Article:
From a visual perspective, The Simpsons Game truly feels like something that comes as close as anything could to replicating the true look of the show. The 3D interpretations of the world and its citizens in games like Hit and Run and Road Rage were great, but still felt odd compared to how they could look with cel shading. Thankfully, the cel shading alongside good animation work does help make this look the part of the TV show, but doesn’t quite put the puzzle pieces together to make it feel like a peak-era episode of the series.

From a writing perspective, Hit and Run was funnier, while this game looks the part better than just about anything else. The core action is a mix of three-hit combos, jumping, shooting and puzzle-solving with interesting premises uses to string things together. Lisa’s love of environmentalism leads to hear beating up a slew of loggers, while Bart’s love of wanton destruction leads him to taking out the school bullies in the museum before Homer can go on a food-eating rampage and not only eat food, but beat people up in the process. The Simpsons Game does what it can to keep environments fresh, which is nice, but doesn’t do enough to keep the gameplay loop from getting stale.

The story itself is a bit goofier than a lot of of the show’s plots, and the action only gets some real variety when puzzles hit the latter-half of the of the adventure. Otherwise, the player has straightforward tasks to accomplish, mock-achievements to unlock many years before that became a regular thing, and wonky gameplay to both enjoy and be frustrated by. The platforming is janky due to the camera fighting the player and shadows not always being in the best location to judge distance. Close-range combat is normally fine unless the camera gets weirded out by too many enemies being on-screen at once, and the between-level hub area is fun, but feels half-baked too.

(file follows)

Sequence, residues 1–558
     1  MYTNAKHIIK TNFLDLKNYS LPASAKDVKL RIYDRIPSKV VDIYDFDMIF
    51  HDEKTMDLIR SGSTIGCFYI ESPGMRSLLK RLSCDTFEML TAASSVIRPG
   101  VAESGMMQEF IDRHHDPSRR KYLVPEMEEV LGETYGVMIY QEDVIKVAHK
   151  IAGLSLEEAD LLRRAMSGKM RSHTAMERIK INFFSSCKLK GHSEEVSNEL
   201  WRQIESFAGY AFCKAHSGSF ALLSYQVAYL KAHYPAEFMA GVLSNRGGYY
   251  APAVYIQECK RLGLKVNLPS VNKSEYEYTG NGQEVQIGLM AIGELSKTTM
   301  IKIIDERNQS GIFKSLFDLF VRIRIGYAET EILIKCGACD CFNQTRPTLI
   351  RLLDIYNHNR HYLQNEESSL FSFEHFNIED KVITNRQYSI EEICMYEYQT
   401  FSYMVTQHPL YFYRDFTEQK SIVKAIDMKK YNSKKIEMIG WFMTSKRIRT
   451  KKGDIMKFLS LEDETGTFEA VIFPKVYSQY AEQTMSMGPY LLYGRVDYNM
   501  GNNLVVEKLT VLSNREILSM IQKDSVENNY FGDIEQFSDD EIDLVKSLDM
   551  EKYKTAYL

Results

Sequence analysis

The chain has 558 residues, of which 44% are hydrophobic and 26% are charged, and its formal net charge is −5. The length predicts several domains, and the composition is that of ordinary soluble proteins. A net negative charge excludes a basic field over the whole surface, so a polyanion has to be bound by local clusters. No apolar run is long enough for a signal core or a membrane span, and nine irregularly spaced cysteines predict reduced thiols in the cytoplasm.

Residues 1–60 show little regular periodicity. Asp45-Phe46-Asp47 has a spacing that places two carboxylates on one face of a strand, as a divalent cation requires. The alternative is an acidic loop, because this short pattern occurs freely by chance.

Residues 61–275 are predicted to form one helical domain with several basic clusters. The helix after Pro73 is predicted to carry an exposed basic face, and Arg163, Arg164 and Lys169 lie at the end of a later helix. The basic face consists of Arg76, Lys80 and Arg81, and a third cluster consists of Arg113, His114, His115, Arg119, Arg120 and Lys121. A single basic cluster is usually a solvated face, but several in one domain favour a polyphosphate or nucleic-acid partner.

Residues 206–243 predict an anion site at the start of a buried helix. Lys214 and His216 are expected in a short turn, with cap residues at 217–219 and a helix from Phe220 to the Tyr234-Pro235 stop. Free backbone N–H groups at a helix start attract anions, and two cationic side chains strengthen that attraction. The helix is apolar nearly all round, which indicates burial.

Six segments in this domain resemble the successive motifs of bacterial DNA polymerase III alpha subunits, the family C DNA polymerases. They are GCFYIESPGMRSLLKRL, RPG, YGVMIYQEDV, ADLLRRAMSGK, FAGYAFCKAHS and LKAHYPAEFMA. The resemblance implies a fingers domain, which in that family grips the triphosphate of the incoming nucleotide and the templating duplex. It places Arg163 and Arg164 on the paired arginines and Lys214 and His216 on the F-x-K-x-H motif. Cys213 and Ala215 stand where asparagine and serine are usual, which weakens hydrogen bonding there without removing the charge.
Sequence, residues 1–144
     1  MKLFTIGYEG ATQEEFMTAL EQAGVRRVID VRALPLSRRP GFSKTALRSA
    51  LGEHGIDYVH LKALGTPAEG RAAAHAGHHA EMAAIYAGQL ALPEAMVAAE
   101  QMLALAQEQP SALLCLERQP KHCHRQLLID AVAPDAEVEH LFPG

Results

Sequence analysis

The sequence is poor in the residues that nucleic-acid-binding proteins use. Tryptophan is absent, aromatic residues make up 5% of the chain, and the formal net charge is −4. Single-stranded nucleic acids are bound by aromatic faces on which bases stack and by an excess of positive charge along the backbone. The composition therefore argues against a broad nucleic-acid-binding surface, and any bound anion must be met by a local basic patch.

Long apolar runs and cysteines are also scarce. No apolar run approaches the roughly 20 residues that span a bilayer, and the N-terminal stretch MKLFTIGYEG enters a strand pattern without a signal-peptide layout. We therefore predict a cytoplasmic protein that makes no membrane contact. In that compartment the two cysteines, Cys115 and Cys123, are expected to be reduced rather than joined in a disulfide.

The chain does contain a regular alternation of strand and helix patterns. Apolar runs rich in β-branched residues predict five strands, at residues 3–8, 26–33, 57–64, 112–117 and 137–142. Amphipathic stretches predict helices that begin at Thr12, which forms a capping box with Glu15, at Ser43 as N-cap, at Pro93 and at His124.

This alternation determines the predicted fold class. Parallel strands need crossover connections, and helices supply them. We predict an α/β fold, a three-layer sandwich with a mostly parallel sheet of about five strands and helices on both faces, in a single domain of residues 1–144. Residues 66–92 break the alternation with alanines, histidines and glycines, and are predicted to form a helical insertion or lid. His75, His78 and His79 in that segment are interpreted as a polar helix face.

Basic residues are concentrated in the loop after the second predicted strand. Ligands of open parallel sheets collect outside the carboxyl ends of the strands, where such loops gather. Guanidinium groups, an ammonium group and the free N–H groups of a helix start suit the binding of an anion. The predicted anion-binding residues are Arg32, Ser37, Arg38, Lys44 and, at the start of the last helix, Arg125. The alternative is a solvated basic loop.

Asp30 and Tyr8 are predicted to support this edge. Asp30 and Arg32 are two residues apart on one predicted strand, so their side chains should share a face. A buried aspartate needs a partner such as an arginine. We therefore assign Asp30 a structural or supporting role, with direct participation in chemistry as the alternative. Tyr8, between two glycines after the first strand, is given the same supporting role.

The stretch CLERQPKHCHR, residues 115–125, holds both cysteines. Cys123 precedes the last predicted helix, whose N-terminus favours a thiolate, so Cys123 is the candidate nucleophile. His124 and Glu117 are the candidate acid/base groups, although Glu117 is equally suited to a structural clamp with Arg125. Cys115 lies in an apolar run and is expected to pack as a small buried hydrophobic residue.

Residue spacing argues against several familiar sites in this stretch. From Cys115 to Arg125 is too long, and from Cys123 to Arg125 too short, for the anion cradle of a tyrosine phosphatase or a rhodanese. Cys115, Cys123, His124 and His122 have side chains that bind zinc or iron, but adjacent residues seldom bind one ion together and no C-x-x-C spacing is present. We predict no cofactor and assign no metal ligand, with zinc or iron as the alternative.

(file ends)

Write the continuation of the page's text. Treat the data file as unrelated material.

The hub area has people moving and saying a few lines, but no cars moving around and no real sense of life to it. In Hit and Run and Road Rage, people were moving around and there were a lot of cars active on the streets — making the virtual world of Springfield feel more like a lived-in place. The world here feels like people living in a model city going through the motions – it just looks odd. The environments themselves are modeled nicely though and do feel authentic to the show, which counts for a lot. The voice cast also works well in the game, with the series regulars putting in solid work and Dan Castelanetta and Nancy Cartwright shining with their performances as Homer and Bart, alongside a myriad of other characters for each.

The Simpsons Game is in some regards the boldest story attempted yet in the franchise’s gaming history and yet also one of its weakest due to its reliance on meta-humor. It tends to age worse than more traditional types of humor and that holds true here. This game is fourteen years old and yet somehow feels more dated than games like Hit and Run that do what they can to showcase the show’s mid-’90s prime and wind up with more timeless jokes thrown throughout its narrative and larger hub world. It’s a good-looking game, but one that does fall short gameplay-wise when compared to other heavy-hitters like Road Rage and Hit and Run. It’s a shame the series hasn’t seen another big console game since this, because something like a remaster or cel-shaded version of either Road Rage or Hit and Run would do well, but the legal hurdles needed to make those kinds of games happen are likely impossible.